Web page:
John H. Armwood

JHA Denver

Welcome to Armwood.Com. Please view the various links and information found below and also in the sidebar on your right.

I have posted links to my various websites and blogs, which I maintain andpublish, in the sidebar on your right. They include blogs and websites focusing on national and international affairs, mobile technology, the swinging tradition of jazz and media and entertainment law. 

Armwood Editorial And Opinion Blog

The Power Of Forgiveness and Redemption (How Do We Love Our Enemies?) A speech by Martin Luther King and some living video testimony featuring Martin Luther King, Atlanta Congressman John Lewis as well as film director Tyler Perry. This webpage was inspired by some of my wonderful, former students in South Korea, who find it difficult to forgive an unrepentant Japan, for the atrocities committed by that nation, upon the Korean people, during the early part of the 20th Century through the end of World War II. (Update 8/11/2010) Prime Minister Naoto Kan of Japan offered a renewed apology to South Korea on Tuesday for Japan’s brutal colonial rule, as part of a statement marking the 100th anniversary of his nation’s annexation of the Korean Peninsula in 1910.

One of My Favorite Moments Debating With Mayor Ed Koch in 1979

Armwood v Koch


I was there, I took the picture. I was a photographer for a small local newspaper called "The Black Press." As I recall the auditorium was almost at capacity and Koch was talking to people who were lining up to talk to him. The majority of the people were typical Staten Islanders that seemed to be thrilled to just talk with Koch. Koch was cordial and seemed to know he was playing to his audience and he did not spend much time with them. Then up came John.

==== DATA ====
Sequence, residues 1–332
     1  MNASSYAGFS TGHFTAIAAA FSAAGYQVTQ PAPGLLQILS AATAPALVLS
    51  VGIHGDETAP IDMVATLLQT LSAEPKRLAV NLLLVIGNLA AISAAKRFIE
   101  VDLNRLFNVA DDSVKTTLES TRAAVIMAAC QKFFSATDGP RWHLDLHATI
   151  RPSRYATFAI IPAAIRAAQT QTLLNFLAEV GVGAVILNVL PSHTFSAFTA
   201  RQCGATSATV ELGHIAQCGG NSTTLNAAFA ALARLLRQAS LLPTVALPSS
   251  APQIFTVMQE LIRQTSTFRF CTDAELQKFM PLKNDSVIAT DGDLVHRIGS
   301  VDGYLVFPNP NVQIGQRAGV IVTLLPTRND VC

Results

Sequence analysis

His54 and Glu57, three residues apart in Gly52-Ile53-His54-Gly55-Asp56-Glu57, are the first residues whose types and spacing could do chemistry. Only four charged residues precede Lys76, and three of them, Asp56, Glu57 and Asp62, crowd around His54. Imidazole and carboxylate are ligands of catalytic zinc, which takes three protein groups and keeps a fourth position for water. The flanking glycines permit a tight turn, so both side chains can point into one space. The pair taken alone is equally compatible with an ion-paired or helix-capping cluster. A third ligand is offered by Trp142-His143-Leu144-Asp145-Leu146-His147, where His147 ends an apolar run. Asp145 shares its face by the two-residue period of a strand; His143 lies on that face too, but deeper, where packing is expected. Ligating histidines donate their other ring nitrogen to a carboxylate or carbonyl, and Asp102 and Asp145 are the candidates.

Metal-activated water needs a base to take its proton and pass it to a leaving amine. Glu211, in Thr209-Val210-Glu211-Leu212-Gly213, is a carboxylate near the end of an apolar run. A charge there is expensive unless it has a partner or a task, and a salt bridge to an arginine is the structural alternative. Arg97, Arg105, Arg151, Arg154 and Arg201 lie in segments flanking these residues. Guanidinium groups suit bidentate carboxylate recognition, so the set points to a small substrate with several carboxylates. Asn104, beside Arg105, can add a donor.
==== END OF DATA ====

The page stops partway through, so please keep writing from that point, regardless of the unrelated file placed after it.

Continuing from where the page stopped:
John sat down and introduced himself. Koch asked him something about his concerns. I began taking photos, I did not think that we would have much time. I don't recall the specifics of what they were talking about but I recall saying to myself that this has become a debate and John was "eating Koch's lunch." He was owning him. Koch was getting louder and trying to turn the debate into a monologue. This was a sure sign that Koch felt that he was not doing well. I bet he was not saying to himself, "how am I doing." John was talking with Koch longer than anyone. Finally John said something like , "it is obvious that we will not agree, thank you for your time." John than got up. Koch in his typical high pitch voiced sounded panicky as he said, "wait a minute, wait a minute, comeback, comeback." John thanked him again and left. I believe everyone within earshot including Koch new he was beaten. If you look at the man in the background he seems to being saying, "oh s--t I can't believe what I just witnessed."

At the end and at the greeting line Koch attempted to engage John again. One thing I always knew, the one who talks the most during a disagreement is the one who is usually wrong or has lost the argument. - Charles Roland,

(Charles Roland is a Psychiatric Social Worker and Photographer who lives and works on Staten Island)